All of this makes The Shootist more interesting because it’s one of the few films where those two diverse audiences—the film geeks and the John Wayne fans—can find common ground. It’s not one of the regular John Wayne shoot ‘em ups that had arrived in movie theaters every year like clockwork for decades on end. It was slow and quiet, a Western drama rather than a Western adventure.
It’s a film about death. Most Westerns, it should be noted, are very much about life—about the struggle to survive. Only a few really address themselves to the subject of dying. The Shootist is melancholy, but it’s not haunted by violence and regret in the way that something like Eastwood’s Unforgiven is. It’s not about the past, it’s about the rapidly dwindling future. In case we didn’t get the point, the film begins by recounting the storied gunfighting career of its protagonist and shows us clips from some of John Wayne’s past movies. We see him mowing down indiscriminate bad guys in black and white, and then the film switches to color and we see him—heavy and tired-looking but still able to quick draw. We’re reassured that he “never killed a man who didn’t deserve it.” This is what I mean when I say the film isn’t haunted by the consequences of violence or by any sense of regret.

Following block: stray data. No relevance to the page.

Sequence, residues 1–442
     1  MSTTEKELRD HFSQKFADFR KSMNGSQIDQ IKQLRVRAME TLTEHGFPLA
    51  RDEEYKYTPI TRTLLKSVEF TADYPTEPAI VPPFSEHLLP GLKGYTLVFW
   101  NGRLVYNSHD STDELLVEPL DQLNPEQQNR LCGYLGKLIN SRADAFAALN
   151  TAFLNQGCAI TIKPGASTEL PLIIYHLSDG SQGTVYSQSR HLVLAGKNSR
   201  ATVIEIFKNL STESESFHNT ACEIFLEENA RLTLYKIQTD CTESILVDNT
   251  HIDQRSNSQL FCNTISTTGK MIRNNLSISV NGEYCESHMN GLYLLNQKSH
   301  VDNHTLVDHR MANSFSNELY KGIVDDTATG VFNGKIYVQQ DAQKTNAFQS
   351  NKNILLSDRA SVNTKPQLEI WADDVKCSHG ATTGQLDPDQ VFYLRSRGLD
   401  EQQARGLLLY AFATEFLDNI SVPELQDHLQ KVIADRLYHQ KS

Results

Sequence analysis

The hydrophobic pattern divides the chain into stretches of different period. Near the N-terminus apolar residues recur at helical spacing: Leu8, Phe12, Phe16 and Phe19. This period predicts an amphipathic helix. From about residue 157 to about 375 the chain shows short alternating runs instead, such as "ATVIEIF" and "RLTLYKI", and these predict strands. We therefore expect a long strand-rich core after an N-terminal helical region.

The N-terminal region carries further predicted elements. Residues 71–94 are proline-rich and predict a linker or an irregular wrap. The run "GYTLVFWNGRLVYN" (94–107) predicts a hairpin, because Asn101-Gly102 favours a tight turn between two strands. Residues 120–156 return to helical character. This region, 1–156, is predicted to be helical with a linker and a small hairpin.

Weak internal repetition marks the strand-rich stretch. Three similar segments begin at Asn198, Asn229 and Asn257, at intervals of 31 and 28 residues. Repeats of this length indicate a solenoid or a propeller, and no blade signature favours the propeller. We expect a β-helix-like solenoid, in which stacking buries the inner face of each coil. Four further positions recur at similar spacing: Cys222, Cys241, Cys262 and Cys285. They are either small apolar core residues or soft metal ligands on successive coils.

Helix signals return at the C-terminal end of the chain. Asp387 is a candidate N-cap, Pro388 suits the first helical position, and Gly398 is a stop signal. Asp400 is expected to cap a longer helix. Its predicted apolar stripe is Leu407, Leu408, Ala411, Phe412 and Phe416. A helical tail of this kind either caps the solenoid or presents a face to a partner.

Maybe that’s another way of saying that the film isn’t an elegy for the complicated, bloody history of the West, but for the heroic movie career of John Wayne himself. The film is notable for all the Western talent involved. Jimmy Stewart is on hand to evoke not only his own cowboy career but his teaming with Wayne in Ford’s The Man Who Shot Liberty Valance, Harry Morgan’s cowardly sheriff recalls his turn as the cowardly city councilman who abandons Gary Cooper in 1952’s High Noon, and John Carradine is here as the last link back to Wayne’s youth in Stagecoach. In the final shootout Wayne guns down Western mainstays like Richard Boone, Hugh O’Brian, and Bill McKinney. Even Ron Howard, here as the kid, had done plenty of Westerns by 1976. The only major member of the cast who didn’t have Western bona fides was Lauren Bacall, who plays the widow who befriends Wayne in his final days. In a way, though, Bacall serves another function—linking us back to Bogart (the liberal, city counterpoint to Wayne’s conservative, rural hero) and to old Hollywood.
At the center of it all is Wayne, still as powerful a screen presence as ever. His eyes are as blue as they ever were, but damn it if they’re not unmistakably tired and sad. He brings a weary dignity to the role—as well as the authenticity of a man who had already suffered terrible health problems, with more on the horizon. By the end of his life, John Wayne had about as much power over his films as any actor ever had, so he deserves no small degree of credit for ending his career with an ideal encapsulation of his screen persona. Few stars ever ended their career on as perfect a note as The Shootist.
Read all posts by Jake Hinkson for Criminal Element.